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UN Office for the Coordination of Humanitarian Affairs
01 December 2006

SUDAN: AU extends mandate of Darfur force as Sudan rejects UN troops

ABUJA, 1 Dec 2006 (IRIN) - The African Union (AU) has renewed the mandate of its peacekeeping force in Darfur for six months after Sudan rejected a proposal that would have brought in United Nations troops to help end the bloody conflict in its western region.

The AU’s Peace and Security Council met in the Nigerian capital, Abuja, on Thursday to consider proposals to send a combined 20,000-strong United Nations and AU force to replace 7,000 African soldiers now in Darfur, with a mandate ending on 31 December.

Sudan rejected any suggestions of UN troops working with the African force beyond advisory, technical, logistical or financial support, said Said Djinnit, the AU’s peace and security commissioner. Consequently, the Peace and Security Council decided to extend the stay of African peacekeepers in Darfur for six months, subject to review.

“The mission should be essentially African troops, but there might be support elements from the UN,” said Djinnit.

In attendance were representatives of 15 African countries on the council, including presidents Olusegun Obasanjo of Nigeria, who chaired the meeting, Thabo Mbeki of South Africa, Azeez Bouteflika of Algeria, John Kufuor of Ghana and Abdoulaye Wade of Senegal. Sudan’s President Omar al-Bashir and UN representatives were also present.

The peacekeeping mission will adopt a UN command structure, with a special representative and the force commander to be appointed by the AU in consultation with the UN. In line with Sudanese demands, the size of the force will be determined by the assessment of needs done by the AU on the ground, Djinnit said.

Sudan’s al-Bashir had told reporters as he left the meeting earlier that his country would not accept a UN force in Darfur.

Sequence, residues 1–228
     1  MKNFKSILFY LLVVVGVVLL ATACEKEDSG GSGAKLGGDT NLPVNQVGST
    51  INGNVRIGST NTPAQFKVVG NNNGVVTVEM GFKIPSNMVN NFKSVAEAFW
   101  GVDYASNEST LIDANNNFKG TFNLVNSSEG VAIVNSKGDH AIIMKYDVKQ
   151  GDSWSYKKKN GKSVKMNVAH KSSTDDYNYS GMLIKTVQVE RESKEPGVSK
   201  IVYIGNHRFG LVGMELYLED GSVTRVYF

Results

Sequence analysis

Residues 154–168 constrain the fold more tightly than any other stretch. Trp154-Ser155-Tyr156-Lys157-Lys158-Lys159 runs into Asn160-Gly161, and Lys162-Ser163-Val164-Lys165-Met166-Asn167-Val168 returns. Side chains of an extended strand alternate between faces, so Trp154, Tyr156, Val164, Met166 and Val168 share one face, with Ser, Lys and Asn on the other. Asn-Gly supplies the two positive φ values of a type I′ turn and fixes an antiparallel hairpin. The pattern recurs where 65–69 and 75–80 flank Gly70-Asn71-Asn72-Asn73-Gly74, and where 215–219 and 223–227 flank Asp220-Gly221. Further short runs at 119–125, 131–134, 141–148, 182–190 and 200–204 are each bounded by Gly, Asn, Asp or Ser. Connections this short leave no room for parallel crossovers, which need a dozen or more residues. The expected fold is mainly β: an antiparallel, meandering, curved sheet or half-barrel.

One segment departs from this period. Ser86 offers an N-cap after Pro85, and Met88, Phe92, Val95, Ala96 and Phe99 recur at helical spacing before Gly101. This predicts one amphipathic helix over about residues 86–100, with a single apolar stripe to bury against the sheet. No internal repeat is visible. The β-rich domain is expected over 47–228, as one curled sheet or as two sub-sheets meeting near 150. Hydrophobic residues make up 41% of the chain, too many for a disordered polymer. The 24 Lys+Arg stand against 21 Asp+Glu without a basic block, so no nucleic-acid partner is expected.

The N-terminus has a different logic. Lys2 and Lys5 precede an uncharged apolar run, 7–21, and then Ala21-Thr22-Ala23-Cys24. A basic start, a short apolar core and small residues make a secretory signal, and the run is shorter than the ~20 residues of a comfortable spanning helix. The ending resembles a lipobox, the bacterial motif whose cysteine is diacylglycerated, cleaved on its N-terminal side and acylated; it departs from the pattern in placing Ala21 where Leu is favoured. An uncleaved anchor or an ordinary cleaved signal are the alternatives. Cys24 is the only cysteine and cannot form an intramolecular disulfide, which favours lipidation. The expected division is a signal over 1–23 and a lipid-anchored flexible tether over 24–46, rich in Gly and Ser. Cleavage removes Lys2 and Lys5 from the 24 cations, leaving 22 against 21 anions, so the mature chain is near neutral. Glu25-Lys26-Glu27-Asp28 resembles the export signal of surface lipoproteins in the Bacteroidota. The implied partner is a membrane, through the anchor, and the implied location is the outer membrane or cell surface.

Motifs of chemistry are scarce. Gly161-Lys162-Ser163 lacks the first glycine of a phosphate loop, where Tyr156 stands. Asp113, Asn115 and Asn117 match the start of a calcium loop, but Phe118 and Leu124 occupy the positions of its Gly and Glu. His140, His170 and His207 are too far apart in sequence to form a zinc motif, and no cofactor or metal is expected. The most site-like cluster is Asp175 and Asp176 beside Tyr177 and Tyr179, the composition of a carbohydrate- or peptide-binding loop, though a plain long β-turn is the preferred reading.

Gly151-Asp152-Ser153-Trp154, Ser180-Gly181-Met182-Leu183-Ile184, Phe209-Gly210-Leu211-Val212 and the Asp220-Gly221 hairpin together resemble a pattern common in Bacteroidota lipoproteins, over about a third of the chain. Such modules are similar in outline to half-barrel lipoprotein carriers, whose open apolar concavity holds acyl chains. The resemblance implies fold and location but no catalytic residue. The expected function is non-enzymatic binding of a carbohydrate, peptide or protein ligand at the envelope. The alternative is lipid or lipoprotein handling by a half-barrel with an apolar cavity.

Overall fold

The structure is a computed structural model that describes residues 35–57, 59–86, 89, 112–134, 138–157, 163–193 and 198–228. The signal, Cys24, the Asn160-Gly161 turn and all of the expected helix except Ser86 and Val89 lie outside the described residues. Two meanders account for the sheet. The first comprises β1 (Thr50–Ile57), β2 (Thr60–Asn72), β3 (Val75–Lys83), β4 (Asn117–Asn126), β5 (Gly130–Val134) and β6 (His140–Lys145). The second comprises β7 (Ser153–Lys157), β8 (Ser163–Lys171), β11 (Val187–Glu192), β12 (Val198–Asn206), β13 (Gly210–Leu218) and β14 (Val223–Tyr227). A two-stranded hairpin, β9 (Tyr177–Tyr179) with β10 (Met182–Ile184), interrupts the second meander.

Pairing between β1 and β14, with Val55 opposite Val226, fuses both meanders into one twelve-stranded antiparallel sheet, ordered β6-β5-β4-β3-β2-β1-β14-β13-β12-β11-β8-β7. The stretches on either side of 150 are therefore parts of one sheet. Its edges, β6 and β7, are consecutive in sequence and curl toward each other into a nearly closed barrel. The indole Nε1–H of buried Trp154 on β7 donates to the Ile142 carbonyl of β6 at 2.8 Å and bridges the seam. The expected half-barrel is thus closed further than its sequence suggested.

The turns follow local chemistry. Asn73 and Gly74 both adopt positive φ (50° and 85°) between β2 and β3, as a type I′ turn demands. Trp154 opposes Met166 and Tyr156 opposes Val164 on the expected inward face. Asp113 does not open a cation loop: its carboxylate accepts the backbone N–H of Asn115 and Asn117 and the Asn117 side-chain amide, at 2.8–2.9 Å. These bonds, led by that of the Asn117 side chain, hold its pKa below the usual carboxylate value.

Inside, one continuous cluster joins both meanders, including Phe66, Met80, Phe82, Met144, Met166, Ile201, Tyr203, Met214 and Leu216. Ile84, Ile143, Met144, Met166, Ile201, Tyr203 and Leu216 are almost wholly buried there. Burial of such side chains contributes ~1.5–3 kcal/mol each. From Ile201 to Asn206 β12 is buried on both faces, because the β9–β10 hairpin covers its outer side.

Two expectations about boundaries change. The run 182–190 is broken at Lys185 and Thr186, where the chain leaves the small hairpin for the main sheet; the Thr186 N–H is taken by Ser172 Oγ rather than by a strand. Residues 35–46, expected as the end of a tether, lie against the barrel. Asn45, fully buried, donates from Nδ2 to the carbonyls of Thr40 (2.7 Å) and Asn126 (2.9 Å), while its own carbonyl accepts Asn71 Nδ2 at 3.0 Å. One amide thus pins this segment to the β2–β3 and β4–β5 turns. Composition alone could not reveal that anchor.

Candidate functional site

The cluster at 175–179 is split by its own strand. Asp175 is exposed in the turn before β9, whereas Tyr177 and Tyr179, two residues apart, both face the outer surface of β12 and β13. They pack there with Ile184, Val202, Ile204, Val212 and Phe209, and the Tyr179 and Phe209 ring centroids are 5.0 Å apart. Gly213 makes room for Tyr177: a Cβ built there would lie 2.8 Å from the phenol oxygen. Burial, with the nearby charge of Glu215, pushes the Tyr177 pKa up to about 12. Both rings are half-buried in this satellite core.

“We want an African force. We can have technical, advisory and financial support (from the UN),” al-Bashir said. “But no UN force.”

Some three years of fighting in Darfur between rebel and government forces has caused the death of more than 200,000 people and forced another 2.5 million from their homes, some of them into neighbouring Chad. The violence has spilled over into Chad as well, with rebels seeking to topple the government of President Idriss Deby.

Violence has persisted in Darfur despite a peace agreement reached in Nigeria in May between Khartoum and Sudanese rebels after more than a year of difficult talks. A 7,000-strong African peacekeeping force stationed in Darfur has been inadequate to ensure the security of civilians and aid workers seeking to give assistance to the large numbers in need, relief workers say.

The mainly black African tribes in Sudan’s western Darfur region took up arms against al-Bashir’s government in 2003, alleging decades of oppression. The government responded with a military crackdown and has allegedly sponsored the mainly Arab Janjawid militia, which is accused of committing atrocities against unarmed Darfur civilians.




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